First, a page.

Database Interaction with PL/SQL: Nested Blocks in Depth

This is part eight of a series of articles focusing on database interactions with Oracle PL/SQL. In my previous article, I gave an introduction to user defined exceptions and nested blocks in PL/SQL. In this article, we will look into handling more than one exception and different tips on using nested blocks.

Please note that all the examples in this series have been tested only with Oracle 10g. I didn’t really test them with all the previous versions of Oracle. I suggest you to refer the documentation for the version you are using, if any of the programs failed to execute.

The problem of using Nested blocks

The seventh part of my series (previous article) introduced nested blocks in PL/SQL. Let us look into another frequent problem when using nested blocks in PL/SQL. Let us consider the following example:

Declare
  v_empno emp.empno%Type := &empno1;
Begin

  Declare
    v_empno emp.empno%Type := &empno2;
    v_ename emp.ename%type;
  Begin
    Select ename into v_ename
    From emp Where empno=v_empno;
    dbms_output.put_line(‘Empno: ‘||v_empno);
    dbms_output.put_line(‘Name: ‘||v_ename);
  Exception
    When no_data_found then
      dbms_output.put_line(‘Employee not found with ‘||v_empno);
  End;

End;

If you carefully observe the above program, there exists a variable called ‘v_empno’ declared both in parent and nested blocks. Normally, a variable cannot be repeated in declarations. But the above program has those declarations in two different declaration sections which are not related to one another. These types of scenarios are acceptable in nested blocks.

If you execute the above program, it accepts two values (employee numbers) from the user. The first employee number gets stored in ‘v_empno’ of the parent block and the second in ‘v_empno’ of the second block. Now the interesting issue is the situation related to the SELECT statement. Don’t forget that all parent block variables are accessible in child (nested) blocks. This means that the nested block can logically have the access for three variables namely ‘v_ename’, ‘v_empno’ (of nested block) and again ‘v_empno’ (of parent block). Now the SELECT statement considers which variable (is it the ‘v_empno’ of the nested block or the ‘v_empno’ of the parent block?) in its WHERE condition!

Any block always gives first preference to its own local variables. If it could not find the respective variable in its own block, it tries to search in its parent block. If the parent block defines that variable, it directly accesses it. If the parent block does not define that variable, it would be an error. So, in this case the variable in the nested block overrides the variable in the parent block. Finally, the SELECT statement in the above program always considers the second employee number (which gets stored in ‘v_empno’ of the nested block).

After reading the above three paragraphs, you should be convinced that local variables will be given first preference in access. So far, so good. But, what if I wanted to access the same variable (‘v_empno’) in the parent block within the nested block (or child block)? The next section gives you the solution.

{mospagebreak title=Labeling the PL/SQL blocks}

Here, I provide the solution for the problem defined in the previous section, using the concept of labeling the PL/SQL blocks. Consider the following example:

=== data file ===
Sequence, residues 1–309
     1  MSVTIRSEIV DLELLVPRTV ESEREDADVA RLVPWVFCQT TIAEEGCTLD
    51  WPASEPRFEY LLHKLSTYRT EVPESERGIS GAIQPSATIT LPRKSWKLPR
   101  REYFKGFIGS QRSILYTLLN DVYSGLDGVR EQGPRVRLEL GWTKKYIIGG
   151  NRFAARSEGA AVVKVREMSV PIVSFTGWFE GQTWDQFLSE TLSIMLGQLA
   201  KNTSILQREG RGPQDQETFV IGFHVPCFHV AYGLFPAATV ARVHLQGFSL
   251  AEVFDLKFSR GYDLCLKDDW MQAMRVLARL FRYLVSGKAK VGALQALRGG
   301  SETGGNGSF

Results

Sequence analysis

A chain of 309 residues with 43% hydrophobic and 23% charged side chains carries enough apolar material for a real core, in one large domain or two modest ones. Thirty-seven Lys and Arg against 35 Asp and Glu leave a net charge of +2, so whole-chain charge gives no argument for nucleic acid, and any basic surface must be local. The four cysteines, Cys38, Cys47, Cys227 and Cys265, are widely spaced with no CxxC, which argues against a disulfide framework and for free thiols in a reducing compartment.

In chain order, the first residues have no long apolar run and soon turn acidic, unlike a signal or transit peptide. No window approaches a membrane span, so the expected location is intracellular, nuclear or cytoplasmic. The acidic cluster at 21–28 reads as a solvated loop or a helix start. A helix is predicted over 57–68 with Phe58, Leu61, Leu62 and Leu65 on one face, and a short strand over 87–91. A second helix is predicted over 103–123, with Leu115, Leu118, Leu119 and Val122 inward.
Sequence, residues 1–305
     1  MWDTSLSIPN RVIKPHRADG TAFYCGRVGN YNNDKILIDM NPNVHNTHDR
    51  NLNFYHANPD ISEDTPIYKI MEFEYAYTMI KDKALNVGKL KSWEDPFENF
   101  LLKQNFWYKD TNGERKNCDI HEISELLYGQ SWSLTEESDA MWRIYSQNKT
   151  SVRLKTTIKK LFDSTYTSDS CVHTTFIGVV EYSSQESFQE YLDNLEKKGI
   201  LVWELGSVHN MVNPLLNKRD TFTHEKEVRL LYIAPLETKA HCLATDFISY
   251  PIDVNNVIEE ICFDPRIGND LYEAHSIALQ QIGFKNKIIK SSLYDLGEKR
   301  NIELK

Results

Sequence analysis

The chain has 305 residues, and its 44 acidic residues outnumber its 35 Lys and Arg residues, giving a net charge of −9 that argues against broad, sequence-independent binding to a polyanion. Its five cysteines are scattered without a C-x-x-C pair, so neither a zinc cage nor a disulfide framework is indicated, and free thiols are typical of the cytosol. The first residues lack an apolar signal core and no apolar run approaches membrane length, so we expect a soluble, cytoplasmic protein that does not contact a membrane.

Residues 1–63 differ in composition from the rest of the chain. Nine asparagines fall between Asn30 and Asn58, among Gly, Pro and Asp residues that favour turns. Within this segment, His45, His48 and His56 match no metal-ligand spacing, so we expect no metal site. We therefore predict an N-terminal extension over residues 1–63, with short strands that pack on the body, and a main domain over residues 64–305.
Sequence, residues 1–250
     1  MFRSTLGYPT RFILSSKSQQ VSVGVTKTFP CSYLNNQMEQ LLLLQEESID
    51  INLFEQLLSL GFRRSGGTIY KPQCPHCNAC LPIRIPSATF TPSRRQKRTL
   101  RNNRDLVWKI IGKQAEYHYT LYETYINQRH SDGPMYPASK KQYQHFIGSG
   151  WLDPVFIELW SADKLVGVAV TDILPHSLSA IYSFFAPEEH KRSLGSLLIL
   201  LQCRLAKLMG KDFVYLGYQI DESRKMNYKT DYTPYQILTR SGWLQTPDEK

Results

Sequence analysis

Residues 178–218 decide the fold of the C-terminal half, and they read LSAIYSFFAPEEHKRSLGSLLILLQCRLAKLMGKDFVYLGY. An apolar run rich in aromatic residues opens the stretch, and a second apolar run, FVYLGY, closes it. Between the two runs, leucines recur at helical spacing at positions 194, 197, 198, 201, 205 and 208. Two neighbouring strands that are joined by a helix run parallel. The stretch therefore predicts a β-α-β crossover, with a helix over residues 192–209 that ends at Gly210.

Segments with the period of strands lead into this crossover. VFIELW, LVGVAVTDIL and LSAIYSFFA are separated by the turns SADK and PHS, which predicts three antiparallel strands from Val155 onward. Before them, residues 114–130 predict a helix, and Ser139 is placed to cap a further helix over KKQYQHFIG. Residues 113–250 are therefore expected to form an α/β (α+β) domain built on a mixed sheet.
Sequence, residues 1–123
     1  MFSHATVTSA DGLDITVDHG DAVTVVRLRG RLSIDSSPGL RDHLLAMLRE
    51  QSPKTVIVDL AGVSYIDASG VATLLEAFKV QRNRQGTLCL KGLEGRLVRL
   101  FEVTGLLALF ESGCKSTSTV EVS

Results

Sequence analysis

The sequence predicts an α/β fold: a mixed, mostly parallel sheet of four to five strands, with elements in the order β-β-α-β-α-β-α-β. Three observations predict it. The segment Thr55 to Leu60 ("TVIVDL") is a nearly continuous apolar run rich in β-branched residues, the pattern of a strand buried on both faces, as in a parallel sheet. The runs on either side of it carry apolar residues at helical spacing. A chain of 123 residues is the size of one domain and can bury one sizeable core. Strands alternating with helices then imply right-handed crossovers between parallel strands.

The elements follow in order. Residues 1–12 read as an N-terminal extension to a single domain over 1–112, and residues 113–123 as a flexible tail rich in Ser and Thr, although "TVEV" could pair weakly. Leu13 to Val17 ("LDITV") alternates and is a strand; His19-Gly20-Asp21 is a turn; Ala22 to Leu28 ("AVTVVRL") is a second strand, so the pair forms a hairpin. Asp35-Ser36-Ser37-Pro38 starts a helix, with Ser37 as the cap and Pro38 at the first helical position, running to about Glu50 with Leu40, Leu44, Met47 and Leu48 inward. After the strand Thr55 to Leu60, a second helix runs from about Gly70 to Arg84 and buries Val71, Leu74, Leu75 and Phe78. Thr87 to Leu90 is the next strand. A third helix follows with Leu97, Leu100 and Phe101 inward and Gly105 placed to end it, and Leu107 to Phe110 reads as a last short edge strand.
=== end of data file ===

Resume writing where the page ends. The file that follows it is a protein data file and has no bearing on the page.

<<parent>>
Declare
  v_empno emp.empno%Type := &empno1;
Begin

  <<child>>
  Declare
    v_empno emp.empno%Type := &empno2;
    v_ename emp.ename%type;
  Begin
    Select ename into v_ename
    From emp Where empno=parent.v_empno;
    dbms_output.put_line(‘Empno: ‘|| parent.v_empno);
    dbms_output.put_line(‘Name: ‘||v_ename);
  Exception
    When no_data_found then
      dbms_output.put_line(‘Employee not found with ‘||v_empno);
  End;

End;

The ‘<<parent>>’ label performs the whole magic. That is how we label a block. Even the nested block in the above program got labeled with ‘<<child>>’. Actually, it is not necessary to label a child block in this case. But, I did label it, just to inform you that you can also label child (nested) blocks in that manner.

The SELECT statement in the above program is also bit different (in WHERE condition). We are using ‘parent.v_empno’ to denote that we are trying to access the variable ‘v_empno’ of ‘<<parent>>’ block. This notation itself makes it much clearer to PL/SQL runtime that it needs to access the variable of the parent block (but not the local variable of child block).

The most important issue to remember is that this notation (or labeling) works only with parent-child types of blocks but not paralleled blocks within the same parent block. The following example is INVALID as it tries to access the variable of its own adjacent block (but not parent block).

<<parent>>
Declare
  v_empno emp.empno%Type := &empno1;
Begin

  <<child1>>
  Declare
    v_empno emp.empno%Type := &empno2;
    v_ename emp.ename%type;
  Begin
    Select ename into v_ename
    From emp Where empno=parent.v_empno;
    dbms_output.put_line(‘Empno: ‘|| parent.v_empno);
    dbms_output.put_line(‘Name: ‘||v_ename);
  Exception
    When no_data_found then
      dbms_output.put_line(‘Employee not found with ‘||v_empno);
  End;

  <<child2>>
  Declare
    v_ename emp.ename%type;
  Begin
    Select ename into v_ename
    From emp Where empno=child1.v_empno; –this is invalid
    dbms_output.put_line(‘Empno: ‘|| parent.v_empno); –this is valid
    dbms_output.put_line(‘Name: ‘||v_ename);
  Exception
    When no_data_found then